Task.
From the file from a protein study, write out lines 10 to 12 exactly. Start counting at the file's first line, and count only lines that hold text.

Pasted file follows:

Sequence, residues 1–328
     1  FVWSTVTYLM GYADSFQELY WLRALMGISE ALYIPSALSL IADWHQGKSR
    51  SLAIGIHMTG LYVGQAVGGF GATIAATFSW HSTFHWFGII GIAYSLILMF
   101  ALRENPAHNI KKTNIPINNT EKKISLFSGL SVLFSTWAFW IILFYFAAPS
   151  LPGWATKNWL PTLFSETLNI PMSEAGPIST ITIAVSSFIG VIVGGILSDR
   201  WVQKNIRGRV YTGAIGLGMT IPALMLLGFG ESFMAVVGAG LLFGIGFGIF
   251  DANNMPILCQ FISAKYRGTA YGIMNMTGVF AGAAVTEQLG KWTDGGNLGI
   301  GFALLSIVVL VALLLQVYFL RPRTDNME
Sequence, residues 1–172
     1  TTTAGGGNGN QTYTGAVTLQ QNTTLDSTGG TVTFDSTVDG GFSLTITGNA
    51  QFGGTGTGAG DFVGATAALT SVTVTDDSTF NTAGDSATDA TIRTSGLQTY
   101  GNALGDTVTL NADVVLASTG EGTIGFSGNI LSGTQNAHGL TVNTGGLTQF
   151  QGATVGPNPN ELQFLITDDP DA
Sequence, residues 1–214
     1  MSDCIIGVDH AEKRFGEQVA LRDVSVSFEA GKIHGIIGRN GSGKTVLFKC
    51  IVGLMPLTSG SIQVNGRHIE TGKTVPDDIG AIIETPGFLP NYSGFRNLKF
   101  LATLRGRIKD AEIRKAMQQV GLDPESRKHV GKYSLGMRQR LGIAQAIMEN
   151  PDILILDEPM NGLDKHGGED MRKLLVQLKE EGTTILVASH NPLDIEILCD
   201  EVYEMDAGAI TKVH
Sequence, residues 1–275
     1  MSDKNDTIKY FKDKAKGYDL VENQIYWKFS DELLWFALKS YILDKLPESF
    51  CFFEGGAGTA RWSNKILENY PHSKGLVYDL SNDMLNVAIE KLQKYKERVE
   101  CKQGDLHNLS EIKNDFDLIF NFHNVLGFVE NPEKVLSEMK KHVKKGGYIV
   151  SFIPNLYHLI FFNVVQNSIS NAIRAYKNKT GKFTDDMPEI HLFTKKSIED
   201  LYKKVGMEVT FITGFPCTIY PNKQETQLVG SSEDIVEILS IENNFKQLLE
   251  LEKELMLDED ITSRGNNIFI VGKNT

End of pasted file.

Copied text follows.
     1  TTTAGGGNGN QTYTGAVTLQ QNTTLDSTGG TVTFDSTVDG GFSLTITGNA
    51  QFGGTGTGAG DFVGATAALT SVTVTDDSTF NTAGDSATDA TIRTSGLQTY
   101  GNALGDTVTL NADVVLASTG EGTIGFSGNI LSGTQNAHGL TVNTGGLTQF